PHASE III: The company will support the Navy in transitioning the technology for Navy use. The company will develop a Band-pass Sampled, Digital Downconversion System according to the Phase III development plan for evaluation to determine its effectiveness in an operationally relevant environment. The company will support the Navy for test and validation to certify and qualify the system for Navy use and transition the downconversion system to its intended platform.

PRIVATE SECTOR COMMERCIAL POTENTIAL/DUAL-USE APPLICATIONS: Direct digital downconversion has application to the commercial radar market as well as additional military applications. The proliferation of small solid-state radars for remote sensing and navigation benefits from cost-saving digital technologies that drive affordability and consequently expand the market even further. The commercial market is typically quick to adopt technology that enhances performance while controlling cost. The technology developed under this effort will facilitate a shift from expensive RF analog receiver circuitry to receivers based on commercial microprocessor technology. Even complex commercial radars such as weather radar can benefit from this technology, as digital processing is inherently scalable, allowing radars of various size and complexity to achieve improved performance at reduced cost.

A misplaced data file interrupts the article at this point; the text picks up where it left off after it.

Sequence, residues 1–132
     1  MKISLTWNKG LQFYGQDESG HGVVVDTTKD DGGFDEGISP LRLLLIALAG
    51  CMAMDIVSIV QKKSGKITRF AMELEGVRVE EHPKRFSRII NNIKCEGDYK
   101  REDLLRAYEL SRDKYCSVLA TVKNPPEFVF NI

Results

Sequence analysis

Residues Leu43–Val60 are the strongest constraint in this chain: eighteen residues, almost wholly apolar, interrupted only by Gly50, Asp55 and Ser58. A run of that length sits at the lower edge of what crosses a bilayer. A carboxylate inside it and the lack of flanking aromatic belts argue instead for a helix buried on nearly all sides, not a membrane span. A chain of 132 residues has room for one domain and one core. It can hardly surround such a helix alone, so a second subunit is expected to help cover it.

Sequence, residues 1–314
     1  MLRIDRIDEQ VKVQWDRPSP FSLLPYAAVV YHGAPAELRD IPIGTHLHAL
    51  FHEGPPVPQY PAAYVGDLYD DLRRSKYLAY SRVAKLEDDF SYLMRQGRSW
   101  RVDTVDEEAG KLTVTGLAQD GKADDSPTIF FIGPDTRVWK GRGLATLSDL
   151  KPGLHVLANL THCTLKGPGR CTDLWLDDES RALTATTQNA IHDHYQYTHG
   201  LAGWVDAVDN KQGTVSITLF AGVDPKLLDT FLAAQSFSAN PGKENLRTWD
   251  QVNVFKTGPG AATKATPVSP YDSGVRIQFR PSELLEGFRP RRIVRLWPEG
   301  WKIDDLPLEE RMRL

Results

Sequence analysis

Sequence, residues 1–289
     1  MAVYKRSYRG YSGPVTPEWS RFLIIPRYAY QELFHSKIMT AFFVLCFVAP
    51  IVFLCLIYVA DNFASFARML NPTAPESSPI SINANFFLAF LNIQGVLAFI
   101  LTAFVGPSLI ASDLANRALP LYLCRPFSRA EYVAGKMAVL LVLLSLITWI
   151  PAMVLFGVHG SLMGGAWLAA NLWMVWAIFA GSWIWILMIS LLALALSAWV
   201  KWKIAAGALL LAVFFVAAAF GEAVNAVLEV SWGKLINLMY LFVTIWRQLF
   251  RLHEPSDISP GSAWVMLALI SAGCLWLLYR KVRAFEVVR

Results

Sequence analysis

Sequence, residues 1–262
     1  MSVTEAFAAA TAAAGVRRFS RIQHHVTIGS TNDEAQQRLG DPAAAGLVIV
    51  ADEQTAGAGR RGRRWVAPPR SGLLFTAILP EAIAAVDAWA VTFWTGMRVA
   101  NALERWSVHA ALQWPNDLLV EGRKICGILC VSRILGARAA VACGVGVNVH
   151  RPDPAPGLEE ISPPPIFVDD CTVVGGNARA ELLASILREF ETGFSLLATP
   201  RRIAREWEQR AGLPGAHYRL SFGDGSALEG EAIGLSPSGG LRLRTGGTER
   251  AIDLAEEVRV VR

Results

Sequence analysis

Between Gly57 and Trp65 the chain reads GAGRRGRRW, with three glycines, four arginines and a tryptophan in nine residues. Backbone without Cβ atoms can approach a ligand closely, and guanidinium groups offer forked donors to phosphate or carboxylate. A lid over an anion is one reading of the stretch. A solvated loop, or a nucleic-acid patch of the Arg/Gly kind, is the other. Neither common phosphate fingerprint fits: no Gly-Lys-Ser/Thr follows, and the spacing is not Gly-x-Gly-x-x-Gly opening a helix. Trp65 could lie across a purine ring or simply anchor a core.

1. Skolnik, M. RADAR Handbook. New York: McGraw-Hill 2008.

2. Tseng, Ching-Hsiang, Chou, Sun-Chung. "Direct Downcoversion of Multiple RF signals Using Bandpass Sampling." IEEE Paper, 0-7803-7802, April, 2003.

3. Vaughan, Rodney, Scott, Neil, White, Rod. "The Theory of Bandpass Sampling." IEEE Transactions on Signal Processing, VOL. 39, NO. 9, September 1991: p 1973.

KEYWORDS: band-pass sampling; direct RF conversion; radar band-pass sampling; digital receiver design; digital signal processing; band-pass sampling coherent detection